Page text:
The School of Arts - 1888

Quanaba House - 1887
 
 
another view ...

Saint Andrew's Church -1940

The name was coined by surveyor John Charlton Thompson and his assistant Alfred Dale Edwards. Bundaberg is derived from the name of one of the kinship groups of the local Taribelang people, to which was added the Saxon suffix berg, meaning "town". Colloquially the city is known as "Bundy".


Old Bundy Tavern - 1892

British occupation of the land in the region began in 1848 when pastoral squatters Gregory Blaxland Jnr and William Forster established a sheep station. Blaxland was a son of the Blue Mountains explorer, Gregory Blaxland, and Forster was later to become a Premier of New South Wales. 

They selected a very large area of land which encompassed most of the western part of the modern-day Bundaberg Region along the Burnett River. They named this pastoral lease Tirroan. Blaxland and Forster had previously set up sheep stations near the Clarence River in northern NSW and had a notable history of conflict with Aboriginal people. 

This continued at Tirroan when two of their shepherds were killed by Aboriginal people in 1849. Forster and Blaxland led a punitive expedition causing multiple Aboriginal deaths. Further conflict occurred the following year when Blaxland was clubbed to death. Forster and a number of other squatters conducted another reprisal, resulting in a large massacre of Aboriginal people in scrubland toward the coastal part of Tirroan.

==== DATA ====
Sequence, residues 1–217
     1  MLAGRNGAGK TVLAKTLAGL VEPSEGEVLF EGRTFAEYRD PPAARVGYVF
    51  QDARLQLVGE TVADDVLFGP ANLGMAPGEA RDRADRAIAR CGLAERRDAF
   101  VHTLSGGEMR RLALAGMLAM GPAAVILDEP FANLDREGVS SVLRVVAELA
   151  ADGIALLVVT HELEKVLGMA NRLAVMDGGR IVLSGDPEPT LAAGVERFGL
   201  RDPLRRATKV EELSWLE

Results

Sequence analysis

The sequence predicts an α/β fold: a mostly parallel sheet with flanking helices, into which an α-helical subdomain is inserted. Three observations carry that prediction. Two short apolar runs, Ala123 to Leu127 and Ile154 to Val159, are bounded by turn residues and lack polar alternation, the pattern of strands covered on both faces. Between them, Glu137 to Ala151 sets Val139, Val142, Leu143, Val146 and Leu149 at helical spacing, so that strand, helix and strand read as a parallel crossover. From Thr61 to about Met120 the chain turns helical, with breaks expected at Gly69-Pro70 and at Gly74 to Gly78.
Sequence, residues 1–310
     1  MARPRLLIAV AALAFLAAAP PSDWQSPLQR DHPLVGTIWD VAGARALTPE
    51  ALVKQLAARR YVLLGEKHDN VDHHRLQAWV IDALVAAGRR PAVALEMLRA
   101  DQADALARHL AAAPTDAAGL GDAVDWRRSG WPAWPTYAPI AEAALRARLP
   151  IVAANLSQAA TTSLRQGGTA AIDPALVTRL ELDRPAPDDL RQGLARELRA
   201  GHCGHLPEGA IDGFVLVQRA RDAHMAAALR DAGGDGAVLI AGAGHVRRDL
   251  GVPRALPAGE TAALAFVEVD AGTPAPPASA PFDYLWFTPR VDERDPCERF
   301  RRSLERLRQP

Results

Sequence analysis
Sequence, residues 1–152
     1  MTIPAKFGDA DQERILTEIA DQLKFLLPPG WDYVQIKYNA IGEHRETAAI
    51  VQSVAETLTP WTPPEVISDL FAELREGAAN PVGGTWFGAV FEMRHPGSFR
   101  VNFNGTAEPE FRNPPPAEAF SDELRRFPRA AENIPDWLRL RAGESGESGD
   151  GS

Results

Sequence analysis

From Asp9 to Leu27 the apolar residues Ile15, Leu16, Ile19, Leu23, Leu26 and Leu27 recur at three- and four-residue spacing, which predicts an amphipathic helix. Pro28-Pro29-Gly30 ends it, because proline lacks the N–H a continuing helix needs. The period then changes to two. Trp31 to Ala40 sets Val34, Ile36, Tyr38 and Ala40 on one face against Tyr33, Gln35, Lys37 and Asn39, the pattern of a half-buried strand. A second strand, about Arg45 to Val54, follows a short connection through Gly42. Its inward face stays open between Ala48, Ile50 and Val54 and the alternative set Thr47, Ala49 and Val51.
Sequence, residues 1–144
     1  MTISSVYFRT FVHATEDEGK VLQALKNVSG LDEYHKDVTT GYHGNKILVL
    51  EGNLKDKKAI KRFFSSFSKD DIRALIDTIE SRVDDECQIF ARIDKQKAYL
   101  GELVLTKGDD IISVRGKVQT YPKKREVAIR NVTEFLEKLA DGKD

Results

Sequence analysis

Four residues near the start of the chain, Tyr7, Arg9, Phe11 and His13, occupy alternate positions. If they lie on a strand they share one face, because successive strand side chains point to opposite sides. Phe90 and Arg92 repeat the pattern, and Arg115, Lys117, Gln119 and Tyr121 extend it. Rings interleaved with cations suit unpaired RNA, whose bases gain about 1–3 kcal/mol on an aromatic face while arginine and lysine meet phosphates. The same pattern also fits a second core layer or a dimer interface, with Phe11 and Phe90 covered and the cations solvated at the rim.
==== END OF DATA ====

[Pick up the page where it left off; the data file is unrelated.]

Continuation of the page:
Centre of the City - Post Office ( 1885 ) and War Memorial ( 1920 )

In 1867, timber-getters and farmers established the Woondooma property which consisted of a few houses and a wharf on the northern banks of the Burnett River where Bundaberg North now stands.

An official survey of the area was undertaken in 1869 and the town of Bundaberg was gazetted across the river on the higher, southern banks. The first Bundaberg land sale was held in Maryborough on 11 May 1870 where hotelier John Foley bought the original lots.

Most of the early settlers exploited the timber and grew maize on their selections but as a result of the incentives of the Sugar and Coffee Regulations of 1864, sugar became a major component in Bundaberg's development from the 1870s. Experimental sugar cane cultivation in the district was first grown 1870 and the first sugar mill was built in 1872 and by 1882, Bundaberg had become an important sugar production region.